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Not Quite Voltaire On Defending to the Death Your Right To Say It

S. G. Tallentyre, The Friends of Voltaire (1907). Addressed in What they Didn’t Say – A Book of Misquotations, edited by Elizabeth Knowles (Oxford University Press, 2006), p.55.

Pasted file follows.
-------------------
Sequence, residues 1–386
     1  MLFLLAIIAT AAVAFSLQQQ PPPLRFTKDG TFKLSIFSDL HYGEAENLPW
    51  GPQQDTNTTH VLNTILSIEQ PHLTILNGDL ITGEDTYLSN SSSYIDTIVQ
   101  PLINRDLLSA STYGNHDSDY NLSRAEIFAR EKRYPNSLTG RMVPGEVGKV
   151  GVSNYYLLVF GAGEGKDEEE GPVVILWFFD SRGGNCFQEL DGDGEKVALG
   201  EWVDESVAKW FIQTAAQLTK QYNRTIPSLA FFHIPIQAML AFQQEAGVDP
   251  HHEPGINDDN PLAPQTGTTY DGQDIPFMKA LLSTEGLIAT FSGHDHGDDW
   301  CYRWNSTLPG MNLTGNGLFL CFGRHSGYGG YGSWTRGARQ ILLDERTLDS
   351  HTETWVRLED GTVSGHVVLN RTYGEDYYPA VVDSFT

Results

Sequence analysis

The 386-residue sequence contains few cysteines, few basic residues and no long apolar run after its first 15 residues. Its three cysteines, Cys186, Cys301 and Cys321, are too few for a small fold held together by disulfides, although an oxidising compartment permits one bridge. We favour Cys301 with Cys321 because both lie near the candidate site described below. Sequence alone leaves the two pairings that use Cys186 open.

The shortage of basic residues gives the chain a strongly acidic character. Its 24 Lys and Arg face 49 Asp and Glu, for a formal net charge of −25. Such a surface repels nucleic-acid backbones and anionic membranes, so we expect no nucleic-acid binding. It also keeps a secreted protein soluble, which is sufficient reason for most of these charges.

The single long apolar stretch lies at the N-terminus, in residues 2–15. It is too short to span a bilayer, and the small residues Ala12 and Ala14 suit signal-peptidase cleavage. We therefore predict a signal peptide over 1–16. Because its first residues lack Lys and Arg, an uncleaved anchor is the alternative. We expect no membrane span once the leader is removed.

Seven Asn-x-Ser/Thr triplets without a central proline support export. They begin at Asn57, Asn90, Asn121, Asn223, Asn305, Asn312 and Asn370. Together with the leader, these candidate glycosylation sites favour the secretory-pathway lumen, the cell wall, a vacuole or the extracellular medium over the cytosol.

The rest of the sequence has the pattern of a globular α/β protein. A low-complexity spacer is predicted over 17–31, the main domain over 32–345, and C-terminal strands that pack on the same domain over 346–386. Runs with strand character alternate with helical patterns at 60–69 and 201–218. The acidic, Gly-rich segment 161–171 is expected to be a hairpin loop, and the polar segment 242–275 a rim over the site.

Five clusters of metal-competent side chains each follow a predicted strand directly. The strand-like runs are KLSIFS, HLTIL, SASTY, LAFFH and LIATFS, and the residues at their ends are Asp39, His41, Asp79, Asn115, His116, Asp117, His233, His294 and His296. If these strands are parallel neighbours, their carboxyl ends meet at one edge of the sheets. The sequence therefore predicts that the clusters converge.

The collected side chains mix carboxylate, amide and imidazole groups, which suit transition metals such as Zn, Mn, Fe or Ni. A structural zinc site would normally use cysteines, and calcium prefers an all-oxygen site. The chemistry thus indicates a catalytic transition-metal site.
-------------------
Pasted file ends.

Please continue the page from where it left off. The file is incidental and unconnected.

What the book could never have done for itself, or for its author, persecution did for them both. ‘On the Mind’ became not the success of a season, but one of the most famous books of the century. The men who had hated it, and had not particularly loved Helvétius, flocked round him now. Voltaire forgave him all injuries, intentional or unintentional. ‘What a fuss about an omelette!’ he had exclaimed when he heard of the burning. How abominably unjust to persecute a man for such an airy trifle as that! ‘I disapprove of what you say, but I will defend to the death your right to say it,’ was his attitude now. [Editor: Emphasis added. Though Tallentyre’s summation of Voltaire’s view has been misattributed as a quote by Voltaire, Voltaire did say much else in his Treatise on Toleration.]